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AGRG delivers the first datasets from the Chiroptera II Topo-bathy lidar sensor

Dr. Tim Webster presented the results of our first project report for two study sites along the Northumberland Strait, Little Harbour (maps below) and River John to our partners from the Atlantic Canada Opportunities Agency and several provincial departments including: GeoNova, Natural resources, Fisheries and Aquaculture, Environment, Agriculture and the Inland Fisheries Division on Wed. Dec. 17th at the ACOA office in Halifax. The research team worked hard and produced some impressive maps to highlight the data collected by the sensor. In both areas the sensor penetrated to above 6 m below sea-level and revealed some fascinating details on the sea floor. At River John, details of the submerged bedrock outcrop around Cape John highlight how these data can be used for Geoscience applications. At Little Harbour, the lidar reflectance and bathymetry demonstrate how these data can enhance our understanding of the local ecosystem and the dynamic nature of near shore sediment and the distribution of eelgrass. The series of maps below show the orthophoto mosaic and lidar derived reflectance and elevation models from the topo-bathy lidar for Little Harbour. A low resolution of the report can be downloaded at ACOA 2014 Bathymetric Lidar Pilot Project Report.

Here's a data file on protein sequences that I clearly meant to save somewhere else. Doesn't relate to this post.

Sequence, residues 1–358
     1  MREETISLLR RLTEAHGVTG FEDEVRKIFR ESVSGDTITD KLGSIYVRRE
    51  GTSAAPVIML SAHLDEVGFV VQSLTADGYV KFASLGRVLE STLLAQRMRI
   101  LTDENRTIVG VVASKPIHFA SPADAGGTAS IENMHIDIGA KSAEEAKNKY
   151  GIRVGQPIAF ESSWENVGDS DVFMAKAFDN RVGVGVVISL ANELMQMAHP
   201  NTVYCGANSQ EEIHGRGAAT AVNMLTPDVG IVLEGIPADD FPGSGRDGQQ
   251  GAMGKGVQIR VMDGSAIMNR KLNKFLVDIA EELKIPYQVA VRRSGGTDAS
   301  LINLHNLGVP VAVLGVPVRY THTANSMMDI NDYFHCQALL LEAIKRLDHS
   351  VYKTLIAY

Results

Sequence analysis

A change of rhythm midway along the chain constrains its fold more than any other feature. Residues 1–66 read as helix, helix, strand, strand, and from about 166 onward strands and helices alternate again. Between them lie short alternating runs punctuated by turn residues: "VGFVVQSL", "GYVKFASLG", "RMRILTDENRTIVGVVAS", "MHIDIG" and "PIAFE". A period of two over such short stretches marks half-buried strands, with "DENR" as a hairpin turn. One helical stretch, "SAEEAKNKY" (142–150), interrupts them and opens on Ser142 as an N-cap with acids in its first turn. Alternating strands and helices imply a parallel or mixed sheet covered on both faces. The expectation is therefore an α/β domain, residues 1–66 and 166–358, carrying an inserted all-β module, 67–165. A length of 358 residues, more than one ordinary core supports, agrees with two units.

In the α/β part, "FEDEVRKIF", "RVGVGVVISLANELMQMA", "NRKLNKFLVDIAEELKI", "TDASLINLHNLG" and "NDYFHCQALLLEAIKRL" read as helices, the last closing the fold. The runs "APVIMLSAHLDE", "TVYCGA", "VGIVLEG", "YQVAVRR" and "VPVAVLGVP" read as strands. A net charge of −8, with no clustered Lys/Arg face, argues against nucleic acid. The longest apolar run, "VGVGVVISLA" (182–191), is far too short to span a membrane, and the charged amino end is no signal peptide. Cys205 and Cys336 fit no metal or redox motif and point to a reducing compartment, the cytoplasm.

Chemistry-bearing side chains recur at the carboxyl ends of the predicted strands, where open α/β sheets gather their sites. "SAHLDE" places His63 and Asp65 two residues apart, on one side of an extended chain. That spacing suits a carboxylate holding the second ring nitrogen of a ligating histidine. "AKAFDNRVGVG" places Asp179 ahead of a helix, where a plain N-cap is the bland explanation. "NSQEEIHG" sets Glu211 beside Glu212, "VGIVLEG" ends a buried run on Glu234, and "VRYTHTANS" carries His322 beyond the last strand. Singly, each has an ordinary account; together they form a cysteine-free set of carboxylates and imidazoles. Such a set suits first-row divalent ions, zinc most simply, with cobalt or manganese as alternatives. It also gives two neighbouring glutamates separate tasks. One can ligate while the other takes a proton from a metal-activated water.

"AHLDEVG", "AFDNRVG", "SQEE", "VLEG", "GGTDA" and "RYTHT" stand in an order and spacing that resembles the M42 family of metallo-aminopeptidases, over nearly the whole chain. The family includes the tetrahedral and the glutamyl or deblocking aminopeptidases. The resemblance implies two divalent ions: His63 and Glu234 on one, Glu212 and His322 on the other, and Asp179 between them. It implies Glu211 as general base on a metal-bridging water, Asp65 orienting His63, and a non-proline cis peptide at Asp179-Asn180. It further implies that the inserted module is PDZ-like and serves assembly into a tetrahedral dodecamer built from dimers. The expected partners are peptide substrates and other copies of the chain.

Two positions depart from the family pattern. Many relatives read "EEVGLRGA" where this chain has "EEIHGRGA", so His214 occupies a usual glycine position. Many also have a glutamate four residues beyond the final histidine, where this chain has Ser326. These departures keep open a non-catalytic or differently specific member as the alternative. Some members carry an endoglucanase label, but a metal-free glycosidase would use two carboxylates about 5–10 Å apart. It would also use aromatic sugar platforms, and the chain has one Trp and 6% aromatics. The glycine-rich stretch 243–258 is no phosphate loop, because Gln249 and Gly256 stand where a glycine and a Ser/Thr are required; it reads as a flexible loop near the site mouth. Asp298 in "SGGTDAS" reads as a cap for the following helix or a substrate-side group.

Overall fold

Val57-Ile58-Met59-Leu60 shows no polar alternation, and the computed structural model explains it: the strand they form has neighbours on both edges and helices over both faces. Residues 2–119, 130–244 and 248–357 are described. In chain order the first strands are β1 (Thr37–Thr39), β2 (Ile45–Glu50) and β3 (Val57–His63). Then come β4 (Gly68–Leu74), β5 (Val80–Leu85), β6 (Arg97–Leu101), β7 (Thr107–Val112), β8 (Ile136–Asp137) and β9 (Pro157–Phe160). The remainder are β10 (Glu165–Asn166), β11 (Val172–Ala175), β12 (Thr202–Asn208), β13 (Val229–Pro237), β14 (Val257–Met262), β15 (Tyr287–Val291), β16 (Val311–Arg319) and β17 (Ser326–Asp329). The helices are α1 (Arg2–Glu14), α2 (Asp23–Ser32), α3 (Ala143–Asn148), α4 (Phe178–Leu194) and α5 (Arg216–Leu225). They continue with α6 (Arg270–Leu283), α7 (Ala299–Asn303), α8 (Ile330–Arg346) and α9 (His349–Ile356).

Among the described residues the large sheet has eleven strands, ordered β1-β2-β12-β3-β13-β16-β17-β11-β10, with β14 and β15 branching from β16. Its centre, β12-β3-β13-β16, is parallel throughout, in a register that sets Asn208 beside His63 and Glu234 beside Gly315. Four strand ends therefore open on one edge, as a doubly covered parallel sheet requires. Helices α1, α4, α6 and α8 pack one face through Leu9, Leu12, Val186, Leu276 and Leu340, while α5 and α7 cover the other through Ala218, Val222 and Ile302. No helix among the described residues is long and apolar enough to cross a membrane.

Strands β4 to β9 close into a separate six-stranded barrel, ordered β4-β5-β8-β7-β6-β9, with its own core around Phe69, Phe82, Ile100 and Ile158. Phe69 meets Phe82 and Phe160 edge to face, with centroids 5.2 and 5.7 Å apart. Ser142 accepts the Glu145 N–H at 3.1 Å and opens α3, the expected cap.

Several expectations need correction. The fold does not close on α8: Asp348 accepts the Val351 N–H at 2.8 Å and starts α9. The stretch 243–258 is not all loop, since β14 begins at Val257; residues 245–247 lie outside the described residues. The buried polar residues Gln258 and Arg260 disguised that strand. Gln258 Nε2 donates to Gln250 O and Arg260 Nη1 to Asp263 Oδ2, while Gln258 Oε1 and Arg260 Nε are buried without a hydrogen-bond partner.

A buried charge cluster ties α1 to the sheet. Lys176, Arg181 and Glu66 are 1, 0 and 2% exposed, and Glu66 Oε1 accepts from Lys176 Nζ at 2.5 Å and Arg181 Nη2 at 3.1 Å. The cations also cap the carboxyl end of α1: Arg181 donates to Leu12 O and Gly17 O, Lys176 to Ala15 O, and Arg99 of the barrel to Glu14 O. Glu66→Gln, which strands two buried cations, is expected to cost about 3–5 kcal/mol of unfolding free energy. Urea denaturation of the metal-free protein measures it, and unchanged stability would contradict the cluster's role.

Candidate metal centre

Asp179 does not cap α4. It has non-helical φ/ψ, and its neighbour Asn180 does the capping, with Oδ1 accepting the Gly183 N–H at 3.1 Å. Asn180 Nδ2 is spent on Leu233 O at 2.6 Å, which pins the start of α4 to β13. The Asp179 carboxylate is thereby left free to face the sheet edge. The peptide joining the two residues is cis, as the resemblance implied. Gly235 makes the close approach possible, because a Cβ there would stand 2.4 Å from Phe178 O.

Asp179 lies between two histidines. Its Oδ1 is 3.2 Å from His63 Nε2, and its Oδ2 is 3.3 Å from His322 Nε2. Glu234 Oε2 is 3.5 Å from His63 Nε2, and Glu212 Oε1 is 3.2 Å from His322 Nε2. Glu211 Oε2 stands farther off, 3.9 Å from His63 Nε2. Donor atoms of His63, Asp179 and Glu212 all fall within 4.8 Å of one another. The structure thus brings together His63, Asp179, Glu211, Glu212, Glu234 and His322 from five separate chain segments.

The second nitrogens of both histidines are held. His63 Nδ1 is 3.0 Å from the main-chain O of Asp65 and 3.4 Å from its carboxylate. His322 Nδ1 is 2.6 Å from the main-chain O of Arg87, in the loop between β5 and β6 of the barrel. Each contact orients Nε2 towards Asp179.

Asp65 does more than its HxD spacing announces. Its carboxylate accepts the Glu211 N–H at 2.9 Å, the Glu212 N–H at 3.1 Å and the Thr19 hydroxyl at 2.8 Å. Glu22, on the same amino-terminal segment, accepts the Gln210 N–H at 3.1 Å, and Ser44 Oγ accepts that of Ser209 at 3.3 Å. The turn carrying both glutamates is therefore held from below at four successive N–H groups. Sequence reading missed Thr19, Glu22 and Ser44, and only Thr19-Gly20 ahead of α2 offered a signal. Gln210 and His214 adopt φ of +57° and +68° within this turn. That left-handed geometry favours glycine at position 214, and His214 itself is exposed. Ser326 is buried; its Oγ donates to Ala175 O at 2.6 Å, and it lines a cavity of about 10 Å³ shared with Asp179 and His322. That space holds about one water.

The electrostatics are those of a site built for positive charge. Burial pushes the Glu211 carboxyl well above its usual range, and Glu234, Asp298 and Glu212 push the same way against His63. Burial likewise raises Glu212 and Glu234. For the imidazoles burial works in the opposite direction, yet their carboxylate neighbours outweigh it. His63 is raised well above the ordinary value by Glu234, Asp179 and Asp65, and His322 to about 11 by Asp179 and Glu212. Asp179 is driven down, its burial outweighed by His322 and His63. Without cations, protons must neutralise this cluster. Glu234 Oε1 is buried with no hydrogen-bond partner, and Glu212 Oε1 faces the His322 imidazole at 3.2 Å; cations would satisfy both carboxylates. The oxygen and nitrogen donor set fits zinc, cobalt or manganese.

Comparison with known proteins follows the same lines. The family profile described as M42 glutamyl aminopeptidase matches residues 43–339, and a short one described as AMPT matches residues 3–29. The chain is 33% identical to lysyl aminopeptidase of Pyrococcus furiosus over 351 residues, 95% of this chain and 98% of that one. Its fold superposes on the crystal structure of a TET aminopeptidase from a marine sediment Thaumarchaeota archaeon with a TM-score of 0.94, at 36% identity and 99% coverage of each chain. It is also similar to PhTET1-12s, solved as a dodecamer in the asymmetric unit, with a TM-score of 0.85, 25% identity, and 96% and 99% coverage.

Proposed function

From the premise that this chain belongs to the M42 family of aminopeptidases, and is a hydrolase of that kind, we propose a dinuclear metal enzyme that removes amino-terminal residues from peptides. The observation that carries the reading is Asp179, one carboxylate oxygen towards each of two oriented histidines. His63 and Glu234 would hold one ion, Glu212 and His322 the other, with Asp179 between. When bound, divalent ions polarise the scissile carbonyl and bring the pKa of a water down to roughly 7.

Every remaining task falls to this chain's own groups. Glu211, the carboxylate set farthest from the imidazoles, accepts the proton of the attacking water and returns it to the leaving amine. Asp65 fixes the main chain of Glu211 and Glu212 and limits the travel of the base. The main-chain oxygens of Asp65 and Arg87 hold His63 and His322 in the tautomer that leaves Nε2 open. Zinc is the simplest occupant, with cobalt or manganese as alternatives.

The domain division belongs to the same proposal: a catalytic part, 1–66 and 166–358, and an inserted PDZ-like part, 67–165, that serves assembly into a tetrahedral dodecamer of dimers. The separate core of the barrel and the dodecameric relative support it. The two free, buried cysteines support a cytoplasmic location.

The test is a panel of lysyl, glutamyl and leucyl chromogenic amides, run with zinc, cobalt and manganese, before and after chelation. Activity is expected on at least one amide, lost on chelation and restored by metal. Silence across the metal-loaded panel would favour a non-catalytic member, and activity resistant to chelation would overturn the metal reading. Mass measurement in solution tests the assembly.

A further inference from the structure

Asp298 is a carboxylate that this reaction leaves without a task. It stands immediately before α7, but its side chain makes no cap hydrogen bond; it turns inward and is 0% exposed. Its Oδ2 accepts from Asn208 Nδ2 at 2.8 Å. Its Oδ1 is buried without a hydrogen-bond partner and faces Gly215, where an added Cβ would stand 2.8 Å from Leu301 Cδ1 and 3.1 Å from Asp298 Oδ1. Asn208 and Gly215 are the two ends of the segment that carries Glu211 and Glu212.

Little Harbour Comparison

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